As with all continuances, the party requesting the continuance—in these examples, the respondent—bears the burden of proof to show good cause for the continuance.

What is the difference between a motion for continuance and motion for administrative closure? Administrative closure (more…)

New redesigned Permanent Resident Card (“Green Cards”) and Employment Authorization Document

U.S. Citizenship and Immigration Services began issuing redesigned versions of the Permanent Resident Card (aka a “Green Cards”) and the Employment Authorization Document (EAD) as part of the Next Generation Secure Identification Document Project.

The redesigned cards use enhanced graphics and fraud-resistant security features to create cards that are highly secure and more tamper-resistant than the ones currently in use.

USCIS states that the new card designs are part of an ongoing effort between USCIS, U.S. Customs and Border Protection, and U.S. Immigration and Customs Enforcement to enhance document security and deter counterfeiting and f raud and demonstrate USCIS’ commitment to continue taking a proactive approach against the threat of document tampering and fraud.

The new Permanent Resident (Green Cards) and EAD Cards will:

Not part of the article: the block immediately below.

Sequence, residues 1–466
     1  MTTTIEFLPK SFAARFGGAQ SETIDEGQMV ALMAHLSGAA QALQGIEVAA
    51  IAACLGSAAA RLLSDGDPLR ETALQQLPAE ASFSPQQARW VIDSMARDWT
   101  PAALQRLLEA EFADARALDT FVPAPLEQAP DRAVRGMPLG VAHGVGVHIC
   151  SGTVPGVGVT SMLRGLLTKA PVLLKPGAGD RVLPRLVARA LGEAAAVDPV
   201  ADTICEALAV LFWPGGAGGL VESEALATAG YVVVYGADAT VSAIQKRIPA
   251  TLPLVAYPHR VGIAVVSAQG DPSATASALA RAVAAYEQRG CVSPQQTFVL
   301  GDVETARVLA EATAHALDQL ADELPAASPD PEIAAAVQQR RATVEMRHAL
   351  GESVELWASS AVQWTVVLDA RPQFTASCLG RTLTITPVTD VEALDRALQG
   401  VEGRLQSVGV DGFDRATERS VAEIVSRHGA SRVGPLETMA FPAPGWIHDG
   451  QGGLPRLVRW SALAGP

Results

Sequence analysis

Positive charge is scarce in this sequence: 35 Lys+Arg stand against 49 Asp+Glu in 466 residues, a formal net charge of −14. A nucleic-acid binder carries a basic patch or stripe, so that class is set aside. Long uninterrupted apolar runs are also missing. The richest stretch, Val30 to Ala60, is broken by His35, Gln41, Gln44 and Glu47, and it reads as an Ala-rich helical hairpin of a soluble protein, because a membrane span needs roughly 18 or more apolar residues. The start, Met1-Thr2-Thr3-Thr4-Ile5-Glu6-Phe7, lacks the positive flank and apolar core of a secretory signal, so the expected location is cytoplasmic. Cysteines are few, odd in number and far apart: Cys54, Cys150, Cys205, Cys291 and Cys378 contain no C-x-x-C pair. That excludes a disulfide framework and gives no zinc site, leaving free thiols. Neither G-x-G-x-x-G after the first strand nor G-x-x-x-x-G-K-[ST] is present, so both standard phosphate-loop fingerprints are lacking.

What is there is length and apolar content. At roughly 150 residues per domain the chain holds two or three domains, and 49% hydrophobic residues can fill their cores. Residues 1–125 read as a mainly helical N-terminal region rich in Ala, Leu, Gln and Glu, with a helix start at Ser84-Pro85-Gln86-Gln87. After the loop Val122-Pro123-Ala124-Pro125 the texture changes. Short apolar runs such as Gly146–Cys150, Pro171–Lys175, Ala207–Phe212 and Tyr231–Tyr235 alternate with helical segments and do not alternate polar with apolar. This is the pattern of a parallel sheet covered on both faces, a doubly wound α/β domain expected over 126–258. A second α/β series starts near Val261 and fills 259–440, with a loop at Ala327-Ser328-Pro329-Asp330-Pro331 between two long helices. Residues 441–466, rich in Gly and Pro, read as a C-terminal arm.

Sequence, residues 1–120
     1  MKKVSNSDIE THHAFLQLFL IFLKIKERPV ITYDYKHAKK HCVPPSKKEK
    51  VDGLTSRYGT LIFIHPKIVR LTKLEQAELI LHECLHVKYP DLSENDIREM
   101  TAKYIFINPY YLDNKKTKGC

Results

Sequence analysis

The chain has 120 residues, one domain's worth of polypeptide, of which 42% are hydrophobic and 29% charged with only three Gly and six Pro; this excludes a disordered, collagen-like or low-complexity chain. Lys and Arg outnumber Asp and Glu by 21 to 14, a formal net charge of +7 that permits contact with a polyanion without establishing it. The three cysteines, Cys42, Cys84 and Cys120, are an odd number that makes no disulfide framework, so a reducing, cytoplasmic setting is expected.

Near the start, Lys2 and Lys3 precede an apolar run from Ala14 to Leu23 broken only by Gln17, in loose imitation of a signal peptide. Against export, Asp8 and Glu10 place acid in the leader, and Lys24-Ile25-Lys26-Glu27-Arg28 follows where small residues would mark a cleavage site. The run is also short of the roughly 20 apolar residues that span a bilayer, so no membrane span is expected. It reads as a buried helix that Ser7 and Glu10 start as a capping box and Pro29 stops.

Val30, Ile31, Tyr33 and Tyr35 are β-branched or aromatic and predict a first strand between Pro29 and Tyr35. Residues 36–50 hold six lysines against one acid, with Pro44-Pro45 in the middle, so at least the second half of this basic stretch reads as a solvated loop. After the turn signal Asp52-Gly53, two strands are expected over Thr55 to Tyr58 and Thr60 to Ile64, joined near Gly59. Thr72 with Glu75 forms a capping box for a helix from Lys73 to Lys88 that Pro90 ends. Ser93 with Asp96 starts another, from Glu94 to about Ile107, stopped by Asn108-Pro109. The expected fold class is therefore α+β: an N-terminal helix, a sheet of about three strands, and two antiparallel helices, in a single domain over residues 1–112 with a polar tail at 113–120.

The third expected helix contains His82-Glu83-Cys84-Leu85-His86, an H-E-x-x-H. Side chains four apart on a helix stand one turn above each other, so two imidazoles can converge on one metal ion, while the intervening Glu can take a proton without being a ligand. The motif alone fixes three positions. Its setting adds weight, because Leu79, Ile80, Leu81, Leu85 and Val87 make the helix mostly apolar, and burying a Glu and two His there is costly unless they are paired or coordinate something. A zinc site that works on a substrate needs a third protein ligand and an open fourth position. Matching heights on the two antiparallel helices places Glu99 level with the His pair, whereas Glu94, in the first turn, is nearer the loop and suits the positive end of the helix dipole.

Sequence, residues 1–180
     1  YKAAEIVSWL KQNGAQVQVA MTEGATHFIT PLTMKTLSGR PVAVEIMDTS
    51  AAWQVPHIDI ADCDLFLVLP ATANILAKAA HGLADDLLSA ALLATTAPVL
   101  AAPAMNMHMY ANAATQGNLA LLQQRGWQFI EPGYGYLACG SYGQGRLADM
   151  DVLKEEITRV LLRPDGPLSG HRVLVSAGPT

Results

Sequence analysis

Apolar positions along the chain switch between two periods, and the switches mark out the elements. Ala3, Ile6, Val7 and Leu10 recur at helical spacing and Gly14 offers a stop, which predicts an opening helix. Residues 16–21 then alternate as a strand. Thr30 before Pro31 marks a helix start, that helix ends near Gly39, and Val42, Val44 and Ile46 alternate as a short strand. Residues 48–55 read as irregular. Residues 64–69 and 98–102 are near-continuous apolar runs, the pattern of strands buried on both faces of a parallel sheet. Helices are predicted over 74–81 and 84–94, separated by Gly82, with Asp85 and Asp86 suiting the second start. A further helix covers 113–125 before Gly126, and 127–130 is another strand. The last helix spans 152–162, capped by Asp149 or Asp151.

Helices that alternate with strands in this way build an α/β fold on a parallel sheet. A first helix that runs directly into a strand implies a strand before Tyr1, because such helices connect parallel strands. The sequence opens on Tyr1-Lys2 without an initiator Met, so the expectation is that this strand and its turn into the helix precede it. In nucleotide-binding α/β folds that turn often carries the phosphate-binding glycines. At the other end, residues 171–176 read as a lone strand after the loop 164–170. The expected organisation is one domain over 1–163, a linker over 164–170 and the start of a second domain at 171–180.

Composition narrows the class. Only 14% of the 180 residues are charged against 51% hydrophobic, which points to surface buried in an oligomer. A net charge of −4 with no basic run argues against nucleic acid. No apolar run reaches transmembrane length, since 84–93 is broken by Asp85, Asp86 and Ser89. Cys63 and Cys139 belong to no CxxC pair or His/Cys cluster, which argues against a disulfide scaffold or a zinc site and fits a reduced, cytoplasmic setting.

1. Display the individual’s photos on both sides;
  2. Show a unique graphic image and color palette:
  3. Have embedded holographic images; and
  4. No longer display the individual’s signature.
  5. EAD cards will have an image of a bald eagle and a predominately red palette;
  6. Permanent Resident Cards (Green Cards) will have an image of the Statue of Liberty and a predominately green palette;
  7. Permanent Resident Cards (Green Cards) will no longer have an optical stripe on the back.

Both the existing and the new Permanent Resident Cards (Green Cards) and EADs will (more…)

I-751 Receipt Extends Status 18 months

We have seen longer delays by USCIS in the adjudication of Form I-751, Petitions to Remove Conditions on Residence, with adjudication trends currently longer than 12 months.

As of June 11, 2018, petitioners who file Form I-751, Petition to Remove Conditions on Residence, or Form I-829, Petition by Entrepreneur to Remove Conditions on Permanent Resident Status, will receive a Form I-751 receipt notice that can be presented with their Form I-551, Permanent Resident Card, as evidence of continued status for 18 months past the expiration date on their Permanent Resident Card.

We are making the change from 12 to 18 months because current processing times for Form I-751 and Form I-829 have increased over the past year.

Additionally, we will issue new Form I-797 receipt notices to eligible conditional permanent residents whose Form I-751 or I-829 was still pending as of June 11, 2018. Those Form I-797 receipt notices will also serve as evidence of continued status for 18 months past the expiration date on petitioner’s Permanent Resident Card. (more…)

Administratively Close Immigration Court Cases May Soon be Reopened

Symbol of law and justice in the empty courtroom, law and justice concept, blue tone